Concerts canceled, investigation opened into Placido Domingo
SAN FRANCISCO — Two music companies canceled appearances by Placido Domingo and the Los Angeles Opera said Tuesday it would launch an investigation in response to an Associated Press story in which numerous women accused the opera legend of sexual harassment and inappropriate behavior spanning decades.
Domingo has been general director of the LA Opera since 2003 and previously served as the company’s artistic director, jobs that gave him the power to cast roles and — his accusers say — make, or break, careers.
Some of the women told the AP that Domingo used his power at the LA company and elsewhere to try to pressure them into sexual relationships, with several saying that he dangled jobs and then sometimes punished them professionally if they refused his advances.
On Tuesday, the Philadelphia Orchestra and San Francisco Opera announced they would cancel upcoming performances featuring the star, regarded as one of the greatest opera singers of all time.
New York’s Metropolitan Opera said it would await the results of LA Opera’s investigation “before making any final decisions about Mr. Domingo’s future at the Met,” where he is scheduled to appear next month.
Russian military orders village evacuation, then cancels it
MOSCOW — The Russian military on Tuesday told residents of a village near a navy testing range to evacuate, but canceled the order hours later, adding to the uncertainty and confusion fueled by a missile explosion last week that led to a brief spike in radiation that frightened residents and raised new questions about the military’s weapons program.
Initially the military told residents of Nyonoksa, a village of about 500, to move out temporarily, citing unspecified activities at the range. But a few hours later, it said the planned activities were canceled and rescinded the request to leave, said Ksenia Yudina, a spokeswoman for the Severodvinsk regional administration.
Local media in Severodvinsk said Nyonoksa residents regularly receive similar temporary evacuation orders usually timed to tests at the range.
The Defense Ministry initially said Thursday’s explosion of a rocket engine at the navy range killed two people and injured six others, but the state-controlled Rosatom nuclear corporation said two days later that the blast also killed five of its nuclear engineers and injured three others. It’s still not clear what the final toll is.
And just as the Severodvinsk administration reported a brief spike in radiation levels, the Defense Ministry insisted that no radiation was released.
Police divided on whether Dayton gunman targeted sister
DAYTON, Ohio — One of the first victims struck by the Dayton shooter during his 32-second rampage that left nine people dead was his younger sister, but whether he intentionally killed her remains unknown more than a week later, the city’s police chief said Tuesday.
Investigators have “radically different views” on whether Connor Betts targeted his 22-year-old sister, Megan, two hours after they arrived with a friend at a popular strip of nightclubs, Chief Richard Biehl said at a news conference.
Text messages show the 24-year-old gunman knew his sister and their friend were going to a taco stand minutes before he came down an alley and started shooting, Beihl said.
“There’s a real question whether he could see who was on the other side,” the police chief said, adding that its possible investigators may never come up with an answer.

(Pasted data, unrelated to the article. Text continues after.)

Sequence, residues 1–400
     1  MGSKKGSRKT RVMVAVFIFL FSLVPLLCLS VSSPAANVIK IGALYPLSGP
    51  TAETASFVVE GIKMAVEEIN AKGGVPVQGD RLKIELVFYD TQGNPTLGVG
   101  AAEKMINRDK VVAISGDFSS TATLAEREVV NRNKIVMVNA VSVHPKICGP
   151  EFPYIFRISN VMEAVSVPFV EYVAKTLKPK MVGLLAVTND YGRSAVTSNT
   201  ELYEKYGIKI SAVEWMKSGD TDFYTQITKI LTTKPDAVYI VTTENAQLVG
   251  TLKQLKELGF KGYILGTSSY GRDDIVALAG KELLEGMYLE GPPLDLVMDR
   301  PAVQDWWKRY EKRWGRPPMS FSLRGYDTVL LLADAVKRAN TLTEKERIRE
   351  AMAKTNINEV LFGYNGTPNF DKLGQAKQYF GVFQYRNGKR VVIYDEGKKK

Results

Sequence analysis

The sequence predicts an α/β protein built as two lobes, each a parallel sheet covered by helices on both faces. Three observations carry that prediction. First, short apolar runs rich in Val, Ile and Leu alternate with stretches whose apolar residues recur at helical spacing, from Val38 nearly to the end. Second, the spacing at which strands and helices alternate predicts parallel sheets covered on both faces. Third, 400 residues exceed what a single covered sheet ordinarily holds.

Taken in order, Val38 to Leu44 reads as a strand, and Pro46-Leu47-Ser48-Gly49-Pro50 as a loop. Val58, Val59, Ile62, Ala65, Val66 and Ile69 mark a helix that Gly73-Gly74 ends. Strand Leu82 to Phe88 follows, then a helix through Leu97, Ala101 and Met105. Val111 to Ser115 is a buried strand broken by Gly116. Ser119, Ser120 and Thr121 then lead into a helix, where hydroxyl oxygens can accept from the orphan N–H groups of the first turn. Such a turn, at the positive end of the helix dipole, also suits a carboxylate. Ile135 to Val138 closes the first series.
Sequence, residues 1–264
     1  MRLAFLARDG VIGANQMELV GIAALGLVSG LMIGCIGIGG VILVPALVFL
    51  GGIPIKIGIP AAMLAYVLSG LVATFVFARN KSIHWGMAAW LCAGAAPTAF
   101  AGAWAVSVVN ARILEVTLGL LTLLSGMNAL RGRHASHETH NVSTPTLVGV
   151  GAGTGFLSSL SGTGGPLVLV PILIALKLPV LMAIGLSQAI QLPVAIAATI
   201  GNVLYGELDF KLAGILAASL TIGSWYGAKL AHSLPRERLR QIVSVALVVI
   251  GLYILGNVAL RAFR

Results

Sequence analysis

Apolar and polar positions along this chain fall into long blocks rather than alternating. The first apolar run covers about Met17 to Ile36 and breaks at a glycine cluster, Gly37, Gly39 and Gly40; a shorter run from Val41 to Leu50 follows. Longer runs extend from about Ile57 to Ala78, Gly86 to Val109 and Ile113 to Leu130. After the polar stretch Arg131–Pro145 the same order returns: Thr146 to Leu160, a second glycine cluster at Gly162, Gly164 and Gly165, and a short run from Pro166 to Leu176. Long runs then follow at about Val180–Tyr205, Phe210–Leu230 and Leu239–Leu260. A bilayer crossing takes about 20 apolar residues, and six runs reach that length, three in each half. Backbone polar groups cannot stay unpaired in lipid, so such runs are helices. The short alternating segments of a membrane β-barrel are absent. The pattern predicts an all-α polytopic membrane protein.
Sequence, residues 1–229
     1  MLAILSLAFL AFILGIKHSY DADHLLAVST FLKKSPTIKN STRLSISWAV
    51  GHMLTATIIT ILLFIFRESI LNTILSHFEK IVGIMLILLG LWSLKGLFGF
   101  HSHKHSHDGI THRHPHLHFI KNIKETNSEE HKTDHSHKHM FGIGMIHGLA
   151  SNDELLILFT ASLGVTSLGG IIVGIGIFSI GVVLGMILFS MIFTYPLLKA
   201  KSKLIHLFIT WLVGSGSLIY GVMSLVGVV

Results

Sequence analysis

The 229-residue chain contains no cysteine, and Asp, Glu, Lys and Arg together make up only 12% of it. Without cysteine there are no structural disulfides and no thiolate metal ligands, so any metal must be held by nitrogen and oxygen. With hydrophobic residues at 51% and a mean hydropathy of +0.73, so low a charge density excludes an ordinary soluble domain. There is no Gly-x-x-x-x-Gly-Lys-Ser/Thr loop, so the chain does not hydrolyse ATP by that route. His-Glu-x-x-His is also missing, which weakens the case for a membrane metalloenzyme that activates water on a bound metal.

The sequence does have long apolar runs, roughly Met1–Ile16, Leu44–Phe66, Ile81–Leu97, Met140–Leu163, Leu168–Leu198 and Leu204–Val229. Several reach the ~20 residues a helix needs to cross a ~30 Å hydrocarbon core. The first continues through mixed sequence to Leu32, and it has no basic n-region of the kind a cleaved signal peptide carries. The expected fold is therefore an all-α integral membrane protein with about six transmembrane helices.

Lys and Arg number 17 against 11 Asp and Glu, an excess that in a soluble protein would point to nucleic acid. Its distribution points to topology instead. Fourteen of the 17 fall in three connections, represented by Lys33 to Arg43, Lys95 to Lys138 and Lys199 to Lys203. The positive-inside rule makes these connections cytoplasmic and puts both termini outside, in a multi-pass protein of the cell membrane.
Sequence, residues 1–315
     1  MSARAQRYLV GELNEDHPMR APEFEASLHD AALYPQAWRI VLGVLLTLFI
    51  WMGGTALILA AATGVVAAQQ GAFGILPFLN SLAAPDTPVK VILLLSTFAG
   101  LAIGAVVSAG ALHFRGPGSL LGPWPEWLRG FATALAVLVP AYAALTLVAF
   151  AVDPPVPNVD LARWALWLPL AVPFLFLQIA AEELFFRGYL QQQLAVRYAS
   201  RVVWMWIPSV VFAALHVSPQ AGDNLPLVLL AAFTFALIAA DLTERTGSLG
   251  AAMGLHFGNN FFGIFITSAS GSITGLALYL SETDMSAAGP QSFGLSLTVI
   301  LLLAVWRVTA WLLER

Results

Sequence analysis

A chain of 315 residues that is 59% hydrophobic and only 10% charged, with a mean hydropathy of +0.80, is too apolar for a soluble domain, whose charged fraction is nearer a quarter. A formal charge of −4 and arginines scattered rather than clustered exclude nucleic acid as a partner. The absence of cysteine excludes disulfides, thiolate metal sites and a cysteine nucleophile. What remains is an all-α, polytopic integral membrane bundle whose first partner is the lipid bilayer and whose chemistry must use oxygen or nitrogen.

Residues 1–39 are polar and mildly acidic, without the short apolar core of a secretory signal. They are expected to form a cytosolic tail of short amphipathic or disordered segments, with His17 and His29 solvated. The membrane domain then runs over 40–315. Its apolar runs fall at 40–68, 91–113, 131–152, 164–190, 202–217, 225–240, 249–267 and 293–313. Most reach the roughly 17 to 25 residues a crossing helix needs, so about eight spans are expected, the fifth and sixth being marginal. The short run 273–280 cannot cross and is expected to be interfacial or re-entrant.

“If we can’t seem to make that call conclusively — that we’re divided about how, whether that was intentional or not — I think it’s inconclusive,” Biehl said.
California counties sue over public benefit immigration rule
SAN FRANCISCO — San Francisco and Santa Clara counties filed the first lawsuit challenging the Trump administration’s new rules to deny green cards to migrants who use Medicaid, food stamps, housing vouchers or other forms of public assistance.
The lawsuit, filed Tuesday, came after the Department of Homeland Security’s announcement Monday of its expanded “public charge” rules to restrict legal immigration.
In a filing , the counties of Santa Clara and San Francisco argued that the rules will worsen the health and well-being of their residents, increase public health risks and financially harm the counties.
The rules, the counties argued, would result in a “chilling effect” in which migrants forgo or disenroll from federal public assistance programs to reduce the risk of being denied a green card. This practice would mean that the cost of services would shift from federal to state governments, the counties argued.
The counties also said the rules undermine Congress’ broader system of immigration laws that prioritizes family unification and that the federal government did not sufficiently offer any rationale to explain the alleged benefits of the rules or justify its costs.
CBS, Viacom to reunite as media giants bulk up for streaming
NEW YORK — The newly combined ViacomCBS will invest in more movies and TV shows and try to sell more advertising as it seeks to become a bigger player in the growing business of streaming video.
Yet the bigger company still might not be big enough to be competitive, as larger rival Disney launches its own service in November and streaming pioneer Netflix spends even more on original shows and movies.
That isn’t stopping Viacom CEO Bob Bakish, who will lead the combined company, to declare that ViacomCBS will be “one of only a few companies with the breadth and depth of content and reach to shape the future of our industry.”
CBS and Viacom, which separated in 2006, announced their long-anticipated reunion Tuesday.
Viacom owns the Paramount Pictures movie studio and pay TV channels such as Comedy Central, MTV and BET, while CBS has a broadcast network, television stations, Showtime and a stake in The CW over-the-air network.